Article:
There are thousands of stories such as these that bring inspiration and hope to a situation that is improving, but remains one of the most serious issues of our time.

On World AIDS day, Accordia renews its commitment to providing the tools, the environment, and the opportunity for individuals like these to succeed in their life's mission. Our experience has been that this investment is leveraged several times over as those that we touch return to their home communities and teach, treat, and inspire others.

We salute our many colleagues and ask you to join us in supporting their efforts to be a part of the solution.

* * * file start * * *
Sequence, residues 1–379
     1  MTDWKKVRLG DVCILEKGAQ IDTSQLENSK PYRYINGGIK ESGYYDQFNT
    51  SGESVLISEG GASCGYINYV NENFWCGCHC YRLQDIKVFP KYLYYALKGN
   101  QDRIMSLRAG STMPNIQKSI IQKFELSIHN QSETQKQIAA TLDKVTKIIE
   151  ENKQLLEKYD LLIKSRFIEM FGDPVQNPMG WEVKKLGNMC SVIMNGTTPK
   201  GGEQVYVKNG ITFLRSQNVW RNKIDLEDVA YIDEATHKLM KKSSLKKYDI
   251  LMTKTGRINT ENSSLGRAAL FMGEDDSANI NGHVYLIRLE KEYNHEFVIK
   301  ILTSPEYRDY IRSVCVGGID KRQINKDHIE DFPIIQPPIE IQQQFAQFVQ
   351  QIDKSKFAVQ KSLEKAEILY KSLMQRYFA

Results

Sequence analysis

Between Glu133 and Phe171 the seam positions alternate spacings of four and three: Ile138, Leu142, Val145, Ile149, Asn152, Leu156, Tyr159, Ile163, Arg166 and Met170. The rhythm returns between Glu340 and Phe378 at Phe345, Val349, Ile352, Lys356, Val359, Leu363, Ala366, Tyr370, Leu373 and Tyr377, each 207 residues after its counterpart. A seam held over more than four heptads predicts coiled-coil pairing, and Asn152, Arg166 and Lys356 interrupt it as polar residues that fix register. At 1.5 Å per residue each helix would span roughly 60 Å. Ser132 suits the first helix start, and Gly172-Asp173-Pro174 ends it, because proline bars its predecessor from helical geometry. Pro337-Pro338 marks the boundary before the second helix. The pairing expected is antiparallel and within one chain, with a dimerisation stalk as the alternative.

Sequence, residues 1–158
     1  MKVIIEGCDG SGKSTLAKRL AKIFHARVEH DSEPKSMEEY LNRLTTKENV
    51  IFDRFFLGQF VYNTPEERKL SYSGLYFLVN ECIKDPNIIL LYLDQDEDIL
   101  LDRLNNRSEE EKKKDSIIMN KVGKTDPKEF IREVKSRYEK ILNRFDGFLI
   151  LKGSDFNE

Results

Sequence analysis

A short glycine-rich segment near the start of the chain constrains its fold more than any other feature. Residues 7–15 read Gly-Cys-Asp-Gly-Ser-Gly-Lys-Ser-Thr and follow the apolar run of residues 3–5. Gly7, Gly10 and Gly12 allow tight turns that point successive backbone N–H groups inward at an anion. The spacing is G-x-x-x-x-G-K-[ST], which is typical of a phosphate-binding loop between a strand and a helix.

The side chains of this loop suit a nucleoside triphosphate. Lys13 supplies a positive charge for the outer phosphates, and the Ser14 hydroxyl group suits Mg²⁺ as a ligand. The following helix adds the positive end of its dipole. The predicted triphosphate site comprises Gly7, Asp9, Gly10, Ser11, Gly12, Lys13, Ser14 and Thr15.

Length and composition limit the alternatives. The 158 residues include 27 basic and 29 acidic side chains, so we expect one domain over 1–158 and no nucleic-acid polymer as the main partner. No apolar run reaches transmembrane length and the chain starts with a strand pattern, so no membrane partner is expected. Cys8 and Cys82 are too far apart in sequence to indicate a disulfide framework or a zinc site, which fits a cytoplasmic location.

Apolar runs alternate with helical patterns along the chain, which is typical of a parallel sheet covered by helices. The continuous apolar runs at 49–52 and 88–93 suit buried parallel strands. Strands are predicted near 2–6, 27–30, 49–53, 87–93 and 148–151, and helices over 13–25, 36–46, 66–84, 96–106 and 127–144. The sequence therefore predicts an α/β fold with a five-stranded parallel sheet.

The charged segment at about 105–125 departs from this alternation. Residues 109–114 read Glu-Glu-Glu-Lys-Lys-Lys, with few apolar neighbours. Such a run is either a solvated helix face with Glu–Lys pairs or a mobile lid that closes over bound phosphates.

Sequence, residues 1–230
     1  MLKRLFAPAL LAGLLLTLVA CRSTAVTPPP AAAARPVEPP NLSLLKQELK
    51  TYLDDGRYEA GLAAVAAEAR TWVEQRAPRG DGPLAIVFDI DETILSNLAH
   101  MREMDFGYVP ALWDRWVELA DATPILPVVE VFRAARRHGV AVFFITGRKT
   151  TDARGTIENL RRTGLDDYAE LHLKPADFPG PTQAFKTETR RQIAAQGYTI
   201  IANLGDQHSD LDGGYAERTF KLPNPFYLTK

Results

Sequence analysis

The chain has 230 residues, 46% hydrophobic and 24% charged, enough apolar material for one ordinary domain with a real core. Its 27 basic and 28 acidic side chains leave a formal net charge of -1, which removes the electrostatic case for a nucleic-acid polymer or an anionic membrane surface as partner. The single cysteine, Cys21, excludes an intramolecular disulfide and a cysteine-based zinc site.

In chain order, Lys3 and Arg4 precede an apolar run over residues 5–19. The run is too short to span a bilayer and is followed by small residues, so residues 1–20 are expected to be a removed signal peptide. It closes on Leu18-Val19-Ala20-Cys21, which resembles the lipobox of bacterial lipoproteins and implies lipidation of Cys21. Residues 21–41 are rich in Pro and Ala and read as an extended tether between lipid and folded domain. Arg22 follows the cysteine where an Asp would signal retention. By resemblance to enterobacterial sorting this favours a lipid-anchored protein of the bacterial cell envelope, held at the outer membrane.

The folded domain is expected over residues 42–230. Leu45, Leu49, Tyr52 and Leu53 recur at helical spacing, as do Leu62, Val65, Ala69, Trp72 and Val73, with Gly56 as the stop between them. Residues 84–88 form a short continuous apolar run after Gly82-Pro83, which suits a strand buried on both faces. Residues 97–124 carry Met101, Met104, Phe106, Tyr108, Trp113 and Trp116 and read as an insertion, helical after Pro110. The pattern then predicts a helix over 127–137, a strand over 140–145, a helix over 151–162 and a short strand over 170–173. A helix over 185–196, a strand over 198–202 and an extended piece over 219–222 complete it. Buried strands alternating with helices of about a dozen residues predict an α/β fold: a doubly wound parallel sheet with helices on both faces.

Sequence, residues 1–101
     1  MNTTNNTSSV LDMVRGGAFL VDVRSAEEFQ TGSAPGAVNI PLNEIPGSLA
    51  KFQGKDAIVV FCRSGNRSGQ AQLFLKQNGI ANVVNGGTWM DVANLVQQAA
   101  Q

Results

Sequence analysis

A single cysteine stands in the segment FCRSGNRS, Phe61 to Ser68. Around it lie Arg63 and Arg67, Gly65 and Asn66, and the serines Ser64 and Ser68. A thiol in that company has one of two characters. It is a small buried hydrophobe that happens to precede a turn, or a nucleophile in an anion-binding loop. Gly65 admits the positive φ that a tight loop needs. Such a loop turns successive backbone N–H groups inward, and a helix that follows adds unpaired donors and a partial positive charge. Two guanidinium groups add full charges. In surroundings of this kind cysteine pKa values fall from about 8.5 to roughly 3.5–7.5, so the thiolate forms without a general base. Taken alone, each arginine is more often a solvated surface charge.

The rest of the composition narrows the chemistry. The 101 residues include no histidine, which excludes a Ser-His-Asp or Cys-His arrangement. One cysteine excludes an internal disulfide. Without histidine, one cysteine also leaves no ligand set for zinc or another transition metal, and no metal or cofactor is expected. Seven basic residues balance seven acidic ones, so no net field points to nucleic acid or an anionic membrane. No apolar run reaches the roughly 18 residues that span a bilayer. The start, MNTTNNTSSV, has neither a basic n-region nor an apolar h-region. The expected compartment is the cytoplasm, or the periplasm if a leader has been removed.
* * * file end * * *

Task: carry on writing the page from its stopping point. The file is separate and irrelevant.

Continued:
IDI physician Dr. Alex Muganzi Muganga has seen first-hand the devastation that AIDS can cause and was inspired to make a difference for his fellow Ugandans.

Alex lost his father, mother, and younger sister to AIDS. Orphaned at age nineteen, it seemed as though all the doors to Alex's future had been closed. However, Alex's determination and outstanding performance in school led him down a more fortunate path. He received a scholarship from the district administration to pay the necessary fees to continue his education at the high school level. He was then awarded a government scholarship to attend Makerere University, where he studied medicine.

Alex wanted to use his medical skills and knowledge to join in the global fight against the deadly pandemic of HIV/AIDS. After attending the HIV/AIDS training course at IDI, he decided that IDI was the best place for him to contribute.